What else creates lag before a localization project kicks off?
Once you receive the quote and confirm the project, the real work begins. Ideally, when creating the quote, the project manager should set up and analyze the project in such a way that work can start as soon as the final files are received and imported.
Localization engineering should be involved right from the beginning of the analysis. If projects aren’t organized this way, then some work will need to be repeated after the quote is confirmed, which makes the whole process less efficient.
There is also a period in most projects when the project has been confirmed, but localization can’t yet begin. This could
cause lag—or the downtime could be used to take care of some of the “invisible” background work that is so essential to a successful, high-quality localization project.
Once work begins, other little things can eat up time, too. For example, if you add new files to the project, you might need another quote, and the project manager will have to add the new files to the existing project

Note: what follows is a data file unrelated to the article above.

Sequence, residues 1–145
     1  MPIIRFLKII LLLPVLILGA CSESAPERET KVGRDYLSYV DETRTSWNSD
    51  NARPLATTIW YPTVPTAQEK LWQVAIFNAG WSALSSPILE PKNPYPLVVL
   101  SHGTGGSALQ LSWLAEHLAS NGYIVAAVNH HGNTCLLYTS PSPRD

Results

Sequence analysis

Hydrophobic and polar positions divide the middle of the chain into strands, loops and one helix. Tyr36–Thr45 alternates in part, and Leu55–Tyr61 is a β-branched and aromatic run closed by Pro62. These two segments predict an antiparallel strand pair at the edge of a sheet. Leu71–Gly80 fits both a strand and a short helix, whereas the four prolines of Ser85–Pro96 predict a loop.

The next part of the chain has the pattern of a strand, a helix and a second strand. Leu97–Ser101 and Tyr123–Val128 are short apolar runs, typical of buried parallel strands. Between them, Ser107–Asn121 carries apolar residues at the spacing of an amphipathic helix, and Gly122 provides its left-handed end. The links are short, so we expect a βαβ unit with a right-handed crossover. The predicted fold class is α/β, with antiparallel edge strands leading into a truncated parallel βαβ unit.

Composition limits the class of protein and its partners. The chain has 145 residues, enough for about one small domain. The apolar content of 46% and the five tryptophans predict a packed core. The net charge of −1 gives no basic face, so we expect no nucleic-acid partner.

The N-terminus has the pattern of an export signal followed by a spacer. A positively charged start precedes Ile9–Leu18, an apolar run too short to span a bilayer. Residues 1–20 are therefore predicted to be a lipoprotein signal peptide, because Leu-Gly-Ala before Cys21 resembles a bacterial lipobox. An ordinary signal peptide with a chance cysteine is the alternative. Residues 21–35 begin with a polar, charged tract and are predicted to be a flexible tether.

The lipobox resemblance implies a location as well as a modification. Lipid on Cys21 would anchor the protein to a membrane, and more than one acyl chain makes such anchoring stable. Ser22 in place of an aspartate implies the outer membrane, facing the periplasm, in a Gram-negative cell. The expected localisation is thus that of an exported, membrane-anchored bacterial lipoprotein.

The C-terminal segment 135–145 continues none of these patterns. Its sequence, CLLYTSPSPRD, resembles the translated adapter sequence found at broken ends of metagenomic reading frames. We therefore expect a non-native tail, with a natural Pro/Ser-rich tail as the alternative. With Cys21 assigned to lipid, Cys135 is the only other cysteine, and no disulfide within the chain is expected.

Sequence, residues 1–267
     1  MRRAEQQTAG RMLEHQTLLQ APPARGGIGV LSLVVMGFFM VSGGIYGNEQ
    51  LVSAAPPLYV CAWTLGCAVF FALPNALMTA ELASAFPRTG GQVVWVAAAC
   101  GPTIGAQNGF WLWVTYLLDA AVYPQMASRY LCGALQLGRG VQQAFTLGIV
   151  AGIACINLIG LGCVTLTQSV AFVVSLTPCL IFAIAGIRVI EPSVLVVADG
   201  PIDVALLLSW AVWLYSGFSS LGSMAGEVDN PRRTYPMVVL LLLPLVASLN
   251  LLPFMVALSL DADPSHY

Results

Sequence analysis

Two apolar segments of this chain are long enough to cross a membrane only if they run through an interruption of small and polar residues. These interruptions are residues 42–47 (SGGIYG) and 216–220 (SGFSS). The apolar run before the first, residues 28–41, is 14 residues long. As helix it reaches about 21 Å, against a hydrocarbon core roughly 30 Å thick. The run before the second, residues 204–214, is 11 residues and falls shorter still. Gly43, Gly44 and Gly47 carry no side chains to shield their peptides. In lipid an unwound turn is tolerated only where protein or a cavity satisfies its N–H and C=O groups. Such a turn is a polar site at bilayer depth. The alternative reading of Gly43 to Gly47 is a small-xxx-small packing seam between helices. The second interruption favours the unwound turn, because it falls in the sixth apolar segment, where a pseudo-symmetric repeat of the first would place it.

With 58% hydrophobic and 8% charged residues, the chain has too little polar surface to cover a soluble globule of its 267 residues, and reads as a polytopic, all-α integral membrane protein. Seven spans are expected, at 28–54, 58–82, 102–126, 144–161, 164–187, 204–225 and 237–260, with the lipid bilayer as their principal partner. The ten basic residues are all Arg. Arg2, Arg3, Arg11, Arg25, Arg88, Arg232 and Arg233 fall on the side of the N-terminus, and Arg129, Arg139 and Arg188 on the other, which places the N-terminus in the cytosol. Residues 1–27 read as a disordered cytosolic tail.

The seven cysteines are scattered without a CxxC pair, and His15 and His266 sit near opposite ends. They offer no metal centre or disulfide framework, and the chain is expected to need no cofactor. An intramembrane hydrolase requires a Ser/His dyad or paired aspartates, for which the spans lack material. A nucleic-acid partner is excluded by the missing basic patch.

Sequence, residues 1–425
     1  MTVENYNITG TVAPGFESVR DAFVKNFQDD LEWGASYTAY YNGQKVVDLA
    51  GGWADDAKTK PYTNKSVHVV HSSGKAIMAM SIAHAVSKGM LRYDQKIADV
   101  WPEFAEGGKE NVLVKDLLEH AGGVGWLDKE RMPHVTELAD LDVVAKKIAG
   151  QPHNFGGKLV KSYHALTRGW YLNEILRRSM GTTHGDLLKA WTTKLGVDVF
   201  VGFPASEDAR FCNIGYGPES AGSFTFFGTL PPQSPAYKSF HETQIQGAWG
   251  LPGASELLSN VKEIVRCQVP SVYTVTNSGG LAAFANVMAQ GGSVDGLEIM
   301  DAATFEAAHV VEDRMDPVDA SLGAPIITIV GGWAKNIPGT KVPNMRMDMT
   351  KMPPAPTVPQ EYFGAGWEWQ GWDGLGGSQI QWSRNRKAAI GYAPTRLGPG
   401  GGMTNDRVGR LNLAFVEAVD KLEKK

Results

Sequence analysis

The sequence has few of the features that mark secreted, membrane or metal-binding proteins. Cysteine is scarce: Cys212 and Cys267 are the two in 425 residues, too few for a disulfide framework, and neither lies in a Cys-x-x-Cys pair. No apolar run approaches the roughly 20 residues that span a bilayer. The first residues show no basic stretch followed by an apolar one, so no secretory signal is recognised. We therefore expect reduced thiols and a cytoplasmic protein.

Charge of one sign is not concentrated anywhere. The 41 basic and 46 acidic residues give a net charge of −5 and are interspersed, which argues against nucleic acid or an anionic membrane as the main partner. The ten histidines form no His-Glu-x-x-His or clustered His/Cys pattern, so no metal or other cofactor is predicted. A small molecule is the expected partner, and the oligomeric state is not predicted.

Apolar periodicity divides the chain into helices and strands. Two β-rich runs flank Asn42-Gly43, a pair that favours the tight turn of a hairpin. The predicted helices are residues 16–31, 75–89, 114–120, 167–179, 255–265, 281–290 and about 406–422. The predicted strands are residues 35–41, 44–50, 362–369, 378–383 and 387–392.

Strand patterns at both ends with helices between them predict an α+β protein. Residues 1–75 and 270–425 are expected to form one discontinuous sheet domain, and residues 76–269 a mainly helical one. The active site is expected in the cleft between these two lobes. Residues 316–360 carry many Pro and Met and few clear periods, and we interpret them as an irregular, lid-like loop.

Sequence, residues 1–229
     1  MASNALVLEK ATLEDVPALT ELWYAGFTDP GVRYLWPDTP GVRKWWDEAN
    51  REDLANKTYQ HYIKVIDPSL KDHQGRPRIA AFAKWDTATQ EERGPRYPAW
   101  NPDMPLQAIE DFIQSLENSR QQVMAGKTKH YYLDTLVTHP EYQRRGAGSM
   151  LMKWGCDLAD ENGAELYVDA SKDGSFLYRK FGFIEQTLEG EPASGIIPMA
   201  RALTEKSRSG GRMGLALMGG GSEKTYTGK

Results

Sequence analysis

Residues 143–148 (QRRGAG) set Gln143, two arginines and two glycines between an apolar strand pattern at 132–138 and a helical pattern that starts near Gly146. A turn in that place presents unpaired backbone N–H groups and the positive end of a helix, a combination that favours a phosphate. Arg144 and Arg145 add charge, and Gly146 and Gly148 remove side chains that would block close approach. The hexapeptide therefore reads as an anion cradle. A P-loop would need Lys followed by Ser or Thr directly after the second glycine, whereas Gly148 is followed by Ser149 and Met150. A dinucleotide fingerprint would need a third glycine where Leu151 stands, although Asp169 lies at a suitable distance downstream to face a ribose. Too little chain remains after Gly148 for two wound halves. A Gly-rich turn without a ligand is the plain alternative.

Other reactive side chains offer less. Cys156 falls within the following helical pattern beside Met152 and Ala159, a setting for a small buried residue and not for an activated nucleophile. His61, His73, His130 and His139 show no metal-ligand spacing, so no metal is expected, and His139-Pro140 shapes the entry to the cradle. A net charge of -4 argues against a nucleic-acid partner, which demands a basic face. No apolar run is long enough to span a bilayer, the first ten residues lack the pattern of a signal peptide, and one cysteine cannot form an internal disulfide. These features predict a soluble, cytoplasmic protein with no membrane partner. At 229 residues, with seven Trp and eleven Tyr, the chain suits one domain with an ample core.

. Requests for status updates and back-and-forth emails
also nibble away at everyone’s time. It might not sound like much, but these little details can add up over the course of the project. As a seasoned pro in the games localization industry, though, Altagram has found a lot of ways to deal with this type of communication as efficiently as possible—for example by automating the process of file handling, quotation setup, and workflow with all the stakeholders, including the sales team, project managers, and localization engineers.